Vocabulary learning is more than copying words and definitions. Students need to be actively involved in the process. Students may have a good vocabulary for getting around town and chatting with friends from the host country, but they may have difficulty with academic and course-specific vocabulary.

Students often struggle with academic vocabulary, especially if their L1 is a non-European language. Vocabulary development is critical and should be integrated into all parts of the curriculum (Magrath, D., March 16, 2020).

Reading and vocabulary development

Reading is essential for developing vocabulary (Henderson, D.& Kerns, G., December 6, 2019). Students need to read high interest selections that are applicable to their daily lives. Thus, making the vocabulary a more “natural” approach that they will be more likely to remember.

Learners do not practice reading. The authors compare reading practice to football practice or practicing with a musical instrument. Without intense practice, students will not master the skill.

This lack of practice translates to lower vocabulary acquisition, lower reading growth, and, eventually, students who are not ready for college or their careers (All you need is read).

Extensive reading opens up new areas of knowledge to the students. They can branch out into other fields beyond the classroom and make new discoveries for themselves.

The literature is quite clear: reading is a powerful form of student self-teaching. It creates a rhythm that allows students to teach themselves all types of things, but it requires time. (All you need is read).

Vocabulary and syntax should be simplified to be accessible to all. High frequency words, such as money, are used rather than lower frequency words such as currency (Kalivoda, 1987).

For their part, teachers can plan moderately challenging activities, specifically suggest strategies to the students and use peer models where students observe others doing a task while hearing an explanation. (Robinson, 184)

Teaching hint No. 1

Avoid lists as much as possible. Teach vocabulary in context or words related to a central theme; getting a driver’s license, for example.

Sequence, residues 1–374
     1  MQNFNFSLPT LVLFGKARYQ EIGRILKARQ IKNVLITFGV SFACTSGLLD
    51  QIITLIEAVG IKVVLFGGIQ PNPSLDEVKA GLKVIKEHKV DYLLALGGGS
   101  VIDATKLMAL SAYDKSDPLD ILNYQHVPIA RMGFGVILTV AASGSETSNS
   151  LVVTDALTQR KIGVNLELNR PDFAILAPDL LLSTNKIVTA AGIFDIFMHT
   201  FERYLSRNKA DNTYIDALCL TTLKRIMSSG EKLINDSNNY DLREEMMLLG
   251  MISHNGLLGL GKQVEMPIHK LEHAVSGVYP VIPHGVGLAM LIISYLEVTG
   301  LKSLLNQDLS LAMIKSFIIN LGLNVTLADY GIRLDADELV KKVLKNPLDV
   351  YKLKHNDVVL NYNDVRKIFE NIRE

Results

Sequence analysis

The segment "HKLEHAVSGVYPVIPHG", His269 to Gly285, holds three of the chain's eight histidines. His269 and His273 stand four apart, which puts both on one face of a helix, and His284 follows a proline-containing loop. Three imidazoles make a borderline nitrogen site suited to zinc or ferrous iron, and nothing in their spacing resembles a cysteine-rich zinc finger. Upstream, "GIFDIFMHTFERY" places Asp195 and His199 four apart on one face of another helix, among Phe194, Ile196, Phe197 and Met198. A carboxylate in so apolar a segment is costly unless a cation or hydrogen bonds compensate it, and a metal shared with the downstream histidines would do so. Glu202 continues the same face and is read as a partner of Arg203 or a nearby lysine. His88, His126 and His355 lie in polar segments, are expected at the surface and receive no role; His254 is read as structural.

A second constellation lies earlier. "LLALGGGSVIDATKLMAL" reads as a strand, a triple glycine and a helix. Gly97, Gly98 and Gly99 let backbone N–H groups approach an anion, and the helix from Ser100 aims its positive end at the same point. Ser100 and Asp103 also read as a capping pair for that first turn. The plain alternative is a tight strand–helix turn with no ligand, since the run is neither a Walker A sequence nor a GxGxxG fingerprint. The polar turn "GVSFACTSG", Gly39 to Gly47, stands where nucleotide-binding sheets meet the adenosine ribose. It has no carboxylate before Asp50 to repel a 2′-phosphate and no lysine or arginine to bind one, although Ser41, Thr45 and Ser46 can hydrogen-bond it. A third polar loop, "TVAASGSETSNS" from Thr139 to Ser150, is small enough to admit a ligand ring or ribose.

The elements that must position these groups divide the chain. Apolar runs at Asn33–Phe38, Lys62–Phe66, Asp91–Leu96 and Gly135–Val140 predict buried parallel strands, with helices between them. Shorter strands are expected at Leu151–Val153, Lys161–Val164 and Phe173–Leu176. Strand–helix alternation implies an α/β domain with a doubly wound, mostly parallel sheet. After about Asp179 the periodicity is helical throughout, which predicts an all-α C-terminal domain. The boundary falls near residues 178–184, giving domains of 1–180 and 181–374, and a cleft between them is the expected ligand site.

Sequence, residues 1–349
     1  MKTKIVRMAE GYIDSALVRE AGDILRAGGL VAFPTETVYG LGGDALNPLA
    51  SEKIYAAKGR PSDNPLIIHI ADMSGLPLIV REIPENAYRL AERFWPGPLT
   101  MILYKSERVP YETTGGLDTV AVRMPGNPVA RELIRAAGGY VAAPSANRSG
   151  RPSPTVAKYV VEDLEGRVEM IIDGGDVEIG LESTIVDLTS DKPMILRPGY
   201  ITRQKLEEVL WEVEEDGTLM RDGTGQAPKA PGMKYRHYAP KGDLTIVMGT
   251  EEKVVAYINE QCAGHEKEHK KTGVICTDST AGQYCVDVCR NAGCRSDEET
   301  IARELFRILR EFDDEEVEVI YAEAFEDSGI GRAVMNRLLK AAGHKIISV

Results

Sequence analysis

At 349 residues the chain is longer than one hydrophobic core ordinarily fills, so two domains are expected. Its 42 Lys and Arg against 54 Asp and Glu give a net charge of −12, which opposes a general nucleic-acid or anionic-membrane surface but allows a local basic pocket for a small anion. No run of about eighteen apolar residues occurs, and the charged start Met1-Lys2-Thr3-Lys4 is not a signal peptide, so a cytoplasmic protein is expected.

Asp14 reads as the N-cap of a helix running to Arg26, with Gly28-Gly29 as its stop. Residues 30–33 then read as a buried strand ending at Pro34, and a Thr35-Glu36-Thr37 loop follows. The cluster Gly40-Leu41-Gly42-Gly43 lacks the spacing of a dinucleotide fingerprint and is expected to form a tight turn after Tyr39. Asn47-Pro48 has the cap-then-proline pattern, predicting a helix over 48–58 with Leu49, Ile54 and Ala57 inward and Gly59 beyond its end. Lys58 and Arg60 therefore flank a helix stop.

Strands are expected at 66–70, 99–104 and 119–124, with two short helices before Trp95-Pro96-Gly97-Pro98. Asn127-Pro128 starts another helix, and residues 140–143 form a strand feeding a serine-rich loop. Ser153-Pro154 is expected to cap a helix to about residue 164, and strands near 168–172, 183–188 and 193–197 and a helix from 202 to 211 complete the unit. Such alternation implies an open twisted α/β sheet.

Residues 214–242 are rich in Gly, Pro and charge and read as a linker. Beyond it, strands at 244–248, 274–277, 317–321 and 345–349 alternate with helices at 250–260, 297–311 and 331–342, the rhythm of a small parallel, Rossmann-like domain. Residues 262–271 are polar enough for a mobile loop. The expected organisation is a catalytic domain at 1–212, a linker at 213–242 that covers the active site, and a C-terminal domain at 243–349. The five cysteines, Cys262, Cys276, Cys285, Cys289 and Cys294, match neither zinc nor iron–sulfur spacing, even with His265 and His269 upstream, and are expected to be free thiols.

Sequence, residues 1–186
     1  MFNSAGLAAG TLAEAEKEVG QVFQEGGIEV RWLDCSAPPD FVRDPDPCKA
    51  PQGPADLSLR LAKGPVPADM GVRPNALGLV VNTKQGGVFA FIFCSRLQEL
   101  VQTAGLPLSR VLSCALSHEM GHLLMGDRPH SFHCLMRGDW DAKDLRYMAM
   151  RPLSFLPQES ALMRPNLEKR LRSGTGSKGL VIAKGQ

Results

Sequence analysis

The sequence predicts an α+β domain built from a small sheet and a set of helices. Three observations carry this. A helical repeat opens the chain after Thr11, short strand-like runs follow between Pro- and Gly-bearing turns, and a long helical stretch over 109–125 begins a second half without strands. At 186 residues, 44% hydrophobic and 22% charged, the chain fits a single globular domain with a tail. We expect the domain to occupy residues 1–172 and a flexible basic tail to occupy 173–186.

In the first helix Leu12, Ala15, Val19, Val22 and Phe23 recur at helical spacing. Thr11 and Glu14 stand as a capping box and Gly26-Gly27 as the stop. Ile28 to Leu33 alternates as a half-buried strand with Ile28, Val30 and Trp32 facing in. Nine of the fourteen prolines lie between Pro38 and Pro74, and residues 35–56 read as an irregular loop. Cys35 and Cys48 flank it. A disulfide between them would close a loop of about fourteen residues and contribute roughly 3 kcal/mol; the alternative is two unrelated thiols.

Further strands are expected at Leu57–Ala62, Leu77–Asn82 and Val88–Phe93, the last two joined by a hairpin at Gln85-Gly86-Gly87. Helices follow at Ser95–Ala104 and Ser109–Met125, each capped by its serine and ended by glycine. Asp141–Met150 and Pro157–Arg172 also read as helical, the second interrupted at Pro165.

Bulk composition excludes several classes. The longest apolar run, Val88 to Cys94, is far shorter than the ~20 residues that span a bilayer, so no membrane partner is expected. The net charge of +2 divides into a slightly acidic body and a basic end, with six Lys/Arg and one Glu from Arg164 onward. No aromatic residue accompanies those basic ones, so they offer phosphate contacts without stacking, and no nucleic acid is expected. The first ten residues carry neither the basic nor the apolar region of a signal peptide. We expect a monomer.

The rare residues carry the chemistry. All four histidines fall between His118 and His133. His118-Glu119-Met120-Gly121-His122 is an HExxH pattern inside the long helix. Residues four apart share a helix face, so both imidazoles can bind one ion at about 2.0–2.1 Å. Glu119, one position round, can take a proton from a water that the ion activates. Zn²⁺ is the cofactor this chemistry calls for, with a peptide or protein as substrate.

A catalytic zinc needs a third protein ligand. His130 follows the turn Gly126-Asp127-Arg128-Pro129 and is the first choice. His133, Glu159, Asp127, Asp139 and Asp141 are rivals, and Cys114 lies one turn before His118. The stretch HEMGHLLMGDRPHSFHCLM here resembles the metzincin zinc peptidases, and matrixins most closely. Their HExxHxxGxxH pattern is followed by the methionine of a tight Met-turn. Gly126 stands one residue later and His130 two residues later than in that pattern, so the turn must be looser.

As reading instructors, why are we forced to choose from textbooks that often seem to exclude fiction and focus mainly on reading strategies and skills that include countless lists of vocabulary words which students have difficulty retaining? (Singhal, M., November 9, 2020)

Cultural connections

Culture and language are tied together. In one’s vocabulary the words carry a cultural load as well as a linguistic one. The teacher must remember that there are no exact synonyms across languages.

For example, the English word "brush" as a noun can refer to different types of brushes such as a toothbrush, a clothes brush or a paint brush in addition to being a verb. The home language may have different words. In Spanish, a hairbrush is "un cepillo" and a paintbrush is "una brocha."

Similarly, a word in the home language may have several different translations into English depending on the context. Words must be taught in a meaningful context by teachers using linguistic strategies. These include using concrete object and pictures grouping words semantically and using the words in meaningful contexts. Learners are encouraged to tie words to their underlying concepts (Ventriglia, 1982).

Teaching hint No. 2

Listening to stories on a variety of topics provides students with exposure to a wide range of academic language. It has been shown that incidental exposure to vocabulary through listening to stories helps students learn the meaning of unknown words. And presenting listening activities within the context of a content area is a more efficient way to promote second-language acquisition. The instructor can play an audio recording, if available, or read the story aloud and even have students take turns reading portions.

Teaching hint No. 3